Women’s Power: Reflection on the Ecumenical Participation of the Presbyterian Church of Taiwan’s Women by Vavauni

It has been my honor to participate in WCRC’s General Council 2017 this time. The issue of women’s ordination has been constantly mentioned in General Council 2017. When I was there, I also listened closely to the presentation on the issue of gender justice. After General Council, I came back to Taiwan and started to think how Taiwanese female church leaders participate in ecumenical movement for women’s ordination and female leaders in church. Interestingly, I found some connections between my context and ecumenical movement.

Frankly, the issue of women ordination is not so strange to my context. In 1950, as a part of the history of development of Presbyterian Church in Taiwan (PCT) we have already had the first female ordained pastor called Lí Pang Chān (means helping). After Pastor Lí, there was a female theologian, called Ko Thian-hiong. She is an important female theologian as a pioneer in introducing women’s movement in Taiwanese church. By looking back to the history of PCT, we can say that Presbyterian Church in Taiwan has already joined the ecumenical movement for women’s ordination since 1950. Moreover, there are many contemporary Taiwanese theologians in Taiwan, such as Jen Wen, Wang, Chao Wen, Wang, Shu Yin, Shih, Wen Shan, Chen (Hannah Chen), Kai Li, Chiu. Most of them are teaching theology in seminaries in Taiwan. In addition, there are some female church leaders, even if they are not ordained pastors; however, they play essential roles in advocating women movement, for example, Nancy Cheng, ex-member of WCC’s central committee; and Yueh-Wen Lu, former vice president of WCRC. Both of them are actively involved in advocacy for gender and women issues. Therefore, it is proved that PCT has contributed her efforts to ecumenical movements.

However, as I have mentioned above, even if we have some prestigious female church pastors and female church leaders in ecumenical units and young female theologians, when it comes to “decision making processes”, the number of ordained female pastors or church leaders are constantly less than male church leaders. No matter where they are, in church or seminaries, the female participation in decision making still has a long journey to reform.

Moreover, when I look into my context in Taiwan, there is one interesting thing: that is, so many talented female leaders, in pastoral ministry or in office work, usually stand behind men, not standing on the front line or more visible positions. Also, they often give their rights of decision making to men. For some women leaders, they become just the helping roles in church.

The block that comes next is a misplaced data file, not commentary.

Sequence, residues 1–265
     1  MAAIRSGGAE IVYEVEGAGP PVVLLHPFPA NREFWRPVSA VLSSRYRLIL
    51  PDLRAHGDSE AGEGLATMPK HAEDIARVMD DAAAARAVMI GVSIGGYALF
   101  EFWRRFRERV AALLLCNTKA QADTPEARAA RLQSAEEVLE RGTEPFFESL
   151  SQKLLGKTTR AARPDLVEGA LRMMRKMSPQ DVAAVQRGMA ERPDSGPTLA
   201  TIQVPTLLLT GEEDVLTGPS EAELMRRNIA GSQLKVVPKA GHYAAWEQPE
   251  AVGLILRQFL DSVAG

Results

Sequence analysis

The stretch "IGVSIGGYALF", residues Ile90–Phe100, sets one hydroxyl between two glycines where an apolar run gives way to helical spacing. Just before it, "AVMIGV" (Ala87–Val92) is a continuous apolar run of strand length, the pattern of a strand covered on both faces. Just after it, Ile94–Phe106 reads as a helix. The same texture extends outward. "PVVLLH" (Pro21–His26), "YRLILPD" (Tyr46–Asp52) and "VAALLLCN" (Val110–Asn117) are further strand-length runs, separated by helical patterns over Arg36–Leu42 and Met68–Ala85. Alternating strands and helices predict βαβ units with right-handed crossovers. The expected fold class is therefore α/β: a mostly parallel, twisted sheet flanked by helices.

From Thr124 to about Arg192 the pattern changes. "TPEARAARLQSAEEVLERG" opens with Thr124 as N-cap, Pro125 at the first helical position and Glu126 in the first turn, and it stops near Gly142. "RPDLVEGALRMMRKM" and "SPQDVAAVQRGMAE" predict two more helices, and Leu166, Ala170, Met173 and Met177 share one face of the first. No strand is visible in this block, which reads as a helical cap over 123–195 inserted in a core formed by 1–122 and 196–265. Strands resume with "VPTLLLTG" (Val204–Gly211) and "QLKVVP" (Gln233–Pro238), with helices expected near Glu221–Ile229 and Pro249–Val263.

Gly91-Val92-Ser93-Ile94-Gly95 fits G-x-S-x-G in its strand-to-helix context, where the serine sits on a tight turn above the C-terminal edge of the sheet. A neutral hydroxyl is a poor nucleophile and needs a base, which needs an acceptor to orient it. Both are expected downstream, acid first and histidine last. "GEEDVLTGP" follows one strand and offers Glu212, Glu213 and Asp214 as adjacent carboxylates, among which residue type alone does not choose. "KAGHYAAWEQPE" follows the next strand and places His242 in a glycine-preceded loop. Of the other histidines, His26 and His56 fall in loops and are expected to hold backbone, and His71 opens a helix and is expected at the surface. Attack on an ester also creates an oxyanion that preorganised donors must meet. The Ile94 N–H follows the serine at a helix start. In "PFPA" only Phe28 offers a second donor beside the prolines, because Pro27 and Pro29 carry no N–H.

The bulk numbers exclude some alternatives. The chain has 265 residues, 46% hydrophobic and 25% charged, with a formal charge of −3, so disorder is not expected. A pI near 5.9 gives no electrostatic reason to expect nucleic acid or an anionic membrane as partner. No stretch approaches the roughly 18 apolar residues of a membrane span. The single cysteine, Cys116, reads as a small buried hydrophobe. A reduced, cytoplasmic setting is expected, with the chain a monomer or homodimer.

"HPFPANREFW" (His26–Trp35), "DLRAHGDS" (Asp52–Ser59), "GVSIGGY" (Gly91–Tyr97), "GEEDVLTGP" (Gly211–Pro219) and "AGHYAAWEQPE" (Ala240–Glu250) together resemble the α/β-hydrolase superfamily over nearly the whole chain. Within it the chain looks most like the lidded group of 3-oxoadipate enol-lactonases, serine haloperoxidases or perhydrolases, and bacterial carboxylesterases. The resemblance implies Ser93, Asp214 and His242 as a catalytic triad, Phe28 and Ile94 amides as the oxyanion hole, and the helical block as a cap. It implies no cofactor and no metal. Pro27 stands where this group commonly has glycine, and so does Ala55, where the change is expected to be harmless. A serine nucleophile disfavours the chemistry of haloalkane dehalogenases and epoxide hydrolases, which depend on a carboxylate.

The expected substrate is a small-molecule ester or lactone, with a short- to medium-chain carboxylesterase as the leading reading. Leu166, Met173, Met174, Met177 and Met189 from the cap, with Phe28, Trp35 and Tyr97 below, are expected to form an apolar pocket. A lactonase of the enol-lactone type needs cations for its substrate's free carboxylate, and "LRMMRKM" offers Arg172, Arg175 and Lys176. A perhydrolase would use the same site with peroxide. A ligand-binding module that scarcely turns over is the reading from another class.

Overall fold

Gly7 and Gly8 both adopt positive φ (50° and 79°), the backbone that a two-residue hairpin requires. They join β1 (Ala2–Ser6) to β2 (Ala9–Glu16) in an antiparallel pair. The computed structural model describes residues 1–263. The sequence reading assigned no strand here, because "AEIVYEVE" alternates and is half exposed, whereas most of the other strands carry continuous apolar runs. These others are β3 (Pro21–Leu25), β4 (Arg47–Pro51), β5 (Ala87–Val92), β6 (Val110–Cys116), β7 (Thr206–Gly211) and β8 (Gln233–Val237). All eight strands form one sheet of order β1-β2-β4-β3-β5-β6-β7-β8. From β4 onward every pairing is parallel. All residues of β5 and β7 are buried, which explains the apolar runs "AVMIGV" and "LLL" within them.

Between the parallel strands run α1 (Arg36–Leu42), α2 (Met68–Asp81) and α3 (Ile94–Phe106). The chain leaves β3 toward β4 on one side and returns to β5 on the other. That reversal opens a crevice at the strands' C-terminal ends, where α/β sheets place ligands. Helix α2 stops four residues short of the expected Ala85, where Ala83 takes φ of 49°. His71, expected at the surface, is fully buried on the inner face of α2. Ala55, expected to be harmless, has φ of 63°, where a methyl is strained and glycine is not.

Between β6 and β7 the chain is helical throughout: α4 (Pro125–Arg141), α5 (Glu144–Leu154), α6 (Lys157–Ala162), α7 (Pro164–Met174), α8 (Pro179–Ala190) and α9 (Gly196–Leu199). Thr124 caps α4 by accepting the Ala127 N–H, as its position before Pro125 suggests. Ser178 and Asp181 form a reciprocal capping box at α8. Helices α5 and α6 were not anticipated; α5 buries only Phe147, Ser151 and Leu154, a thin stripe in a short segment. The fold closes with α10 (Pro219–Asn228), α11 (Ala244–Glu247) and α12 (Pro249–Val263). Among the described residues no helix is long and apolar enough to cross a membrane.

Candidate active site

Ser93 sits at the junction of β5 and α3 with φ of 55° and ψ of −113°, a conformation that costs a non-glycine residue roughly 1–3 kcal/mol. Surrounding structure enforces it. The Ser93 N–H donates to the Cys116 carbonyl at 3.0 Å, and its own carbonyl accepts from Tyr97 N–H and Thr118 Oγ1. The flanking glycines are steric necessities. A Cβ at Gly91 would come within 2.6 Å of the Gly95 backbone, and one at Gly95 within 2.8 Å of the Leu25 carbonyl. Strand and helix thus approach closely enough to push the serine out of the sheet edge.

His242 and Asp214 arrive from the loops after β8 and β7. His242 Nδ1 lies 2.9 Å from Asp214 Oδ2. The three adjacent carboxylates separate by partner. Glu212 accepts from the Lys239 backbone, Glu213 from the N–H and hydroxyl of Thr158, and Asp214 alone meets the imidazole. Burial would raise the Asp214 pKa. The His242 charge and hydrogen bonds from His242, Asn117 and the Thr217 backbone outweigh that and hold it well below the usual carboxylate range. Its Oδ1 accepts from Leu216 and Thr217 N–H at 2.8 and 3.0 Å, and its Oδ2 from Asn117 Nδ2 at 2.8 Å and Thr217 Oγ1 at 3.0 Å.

How should we interpret the phenomenon? Is that culture of “honoring men” still haunting the church community in Taiwan? Or should we agree with Paul’s saying which positively honors man’s position, “man as the head of a woman?”

Those questions are difficult to answer; however, the result of General Council of PCT this year brings some possibilities for future reformation. In this time, a female pastor of Bunun tribe, Abus, has been elected as a vice secretary of PCT. According to the constitution of PCT, it is possible that Rev. Abus can be the first female Moderator of PCT in history. I believe that PCT has made lots of contributions to women’s issues in ecumenical churches by actively participating in the ecumenical movement. This helps our sisters in ecumenical churches witness, “The Lord’s work cannot fail.”

Lastly, I would like to conclude my article with the words of the German Protestant female theologian, Elisabeth Moltmann-Wendel. I hope that these words can be our confirmation and encouragement. When she talked about women’s identity, she said: “Ich bin gut. Ich bin ganz. Ich bin schoen.” (I am good. I am complete. I am beautiful). My sisters in the Lord, let us fearlessly show our talents.


Vavauni Ljaljegean represented the Presbyterian Church of Taiwan at the July 2017 meeting of the World Communion of Reformed Churches. She writes: I am Vavauni from Taiwan. I am Paiwan, one group of the Taiwanese Indigenous people. I am also a theologian, who studies in Tainan Theological College and Seminary in Tainan, Taiwan. My study field is about the Pacific Islands, including their histories, cultures and faiths. Even as a woman from the margins in my place, I always believe that my voice is loud enough for God to hear.